Postoperative ultrasonographic appearance of ...



Title Postoperative ultrasonographic appearance of uncomplicated enterotomy or enterectomy sites in dogs
Author(s) Andrea R. Matthews, Dominique G. Penninck, Cynthia R. L. Webster
Journal Veterinary Radiology & Ultrasound: The Official Journal Of The American College Of Veterinary Radiology And The International Veterinary Radiology Association
Date 2008
Volume 49
Issue 5
Start page 477
End page 483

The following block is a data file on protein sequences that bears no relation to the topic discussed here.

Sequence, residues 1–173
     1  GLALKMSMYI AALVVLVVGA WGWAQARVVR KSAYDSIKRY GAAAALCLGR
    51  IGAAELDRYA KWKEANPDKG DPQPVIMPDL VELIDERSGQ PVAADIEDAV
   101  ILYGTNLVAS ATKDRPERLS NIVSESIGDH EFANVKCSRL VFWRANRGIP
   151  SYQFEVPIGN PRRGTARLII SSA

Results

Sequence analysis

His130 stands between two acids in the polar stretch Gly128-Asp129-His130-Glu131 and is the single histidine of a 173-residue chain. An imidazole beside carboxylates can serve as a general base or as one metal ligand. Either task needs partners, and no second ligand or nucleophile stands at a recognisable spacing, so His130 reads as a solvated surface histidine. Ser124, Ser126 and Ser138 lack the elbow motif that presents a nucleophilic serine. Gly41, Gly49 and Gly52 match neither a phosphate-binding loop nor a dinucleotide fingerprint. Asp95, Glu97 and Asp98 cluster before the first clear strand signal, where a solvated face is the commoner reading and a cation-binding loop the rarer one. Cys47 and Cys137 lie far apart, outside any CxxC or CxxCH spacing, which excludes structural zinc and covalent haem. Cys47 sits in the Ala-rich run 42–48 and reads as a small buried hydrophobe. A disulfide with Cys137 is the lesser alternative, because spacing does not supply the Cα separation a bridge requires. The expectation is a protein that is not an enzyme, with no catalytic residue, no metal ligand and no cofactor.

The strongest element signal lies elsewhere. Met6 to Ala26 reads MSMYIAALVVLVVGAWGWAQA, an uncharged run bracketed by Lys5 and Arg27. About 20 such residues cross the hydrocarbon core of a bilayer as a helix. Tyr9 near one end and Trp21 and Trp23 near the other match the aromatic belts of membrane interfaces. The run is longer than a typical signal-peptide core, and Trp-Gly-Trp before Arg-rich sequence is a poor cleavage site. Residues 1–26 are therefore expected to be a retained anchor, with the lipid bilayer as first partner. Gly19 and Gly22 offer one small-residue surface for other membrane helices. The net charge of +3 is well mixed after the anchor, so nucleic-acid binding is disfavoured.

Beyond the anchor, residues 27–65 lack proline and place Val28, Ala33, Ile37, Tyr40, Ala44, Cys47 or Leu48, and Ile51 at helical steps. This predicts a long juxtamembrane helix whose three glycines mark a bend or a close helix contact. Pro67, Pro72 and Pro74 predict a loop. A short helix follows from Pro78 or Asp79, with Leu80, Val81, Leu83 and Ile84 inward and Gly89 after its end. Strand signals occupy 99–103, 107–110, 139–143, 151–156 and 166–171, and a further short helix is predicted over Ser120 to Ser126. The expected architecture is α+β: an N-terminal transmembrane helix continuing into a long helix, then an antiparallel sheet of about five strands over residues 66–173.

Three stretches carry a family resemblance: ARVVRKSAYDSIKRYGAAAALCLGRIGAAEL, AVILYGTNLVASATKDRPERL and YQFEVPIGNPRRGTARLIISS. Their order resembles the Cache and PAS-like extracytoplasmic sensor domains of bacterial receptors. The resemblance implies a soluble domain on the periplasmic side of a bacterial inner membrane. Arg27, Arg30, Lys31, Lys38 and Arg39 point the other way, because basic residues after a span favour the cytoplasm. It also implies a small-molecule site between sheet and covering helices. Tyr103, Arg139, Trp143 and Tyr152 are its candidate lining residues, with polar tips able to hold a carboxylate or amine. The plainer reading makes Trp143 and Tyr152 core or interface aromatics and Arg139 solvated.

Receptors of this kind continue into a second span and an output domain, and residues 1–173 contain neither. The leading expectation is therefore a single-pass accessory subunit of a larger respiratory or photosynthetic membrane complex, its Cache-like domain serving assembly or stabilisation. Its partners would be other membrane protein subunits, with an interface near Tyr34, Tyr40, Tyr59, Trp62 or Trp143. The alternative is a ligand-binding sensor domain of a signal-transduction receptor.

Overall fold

Abstract The ultrasonographic findings in 20 dogs with 25 healing enterotomy and enterectomy sites resulting from the removal of foreign material or correction of intussusceptions are presented. In this prospective study, dogs had preoperative abdominal ultrasound examinations followed by sequential sonographic examinations on the first, third, sixth, and 10th days postenterotomy or enterectomy with an additional sonographic examination after 20 days postoperatively. Documented sonographic features included length and maximal intestinal wall thickness of the enterotomy or enterectomy sites, echogenicity of omental/mesenteric fat, amount of free gas and abdominal effusion, and gastrointestinal motility. Sonographically, 57% of enterotomies and 100% of enterectomies were visualized. Pneumoperitoneum, hyperechoic omental/mesenteric fat, and abdominal effusion did not appreciably hamper evaluation of the intestinal surgical site. Absent wall layering at the surgical site was noted in 96% of dogs at day 1 postoperatively. At the final sonographic examination, wall layering remained altered to absent in 100% of dogs and normal thickness was noted in only 20% of dogs. The median maximal wall thickness was 7 and 8 mm for enterotomies and enterectomies respectively, which occurred between days 1 and 3 and days 3 and 6 postoperatively. Effusion and increased echogenicity of omental/mesenteric fat localized to the surgical site were noted in 42% and 60% of dogs respectively at day 1 postoperatively, with resolution noted between days 3 and 10 postoperatively in 92% and 80% of dogs. Generalized abdominal effusion and pneumoperitoneum were seen in 100% of dogs immediately postoperatively and resolved in 80% by day 10.

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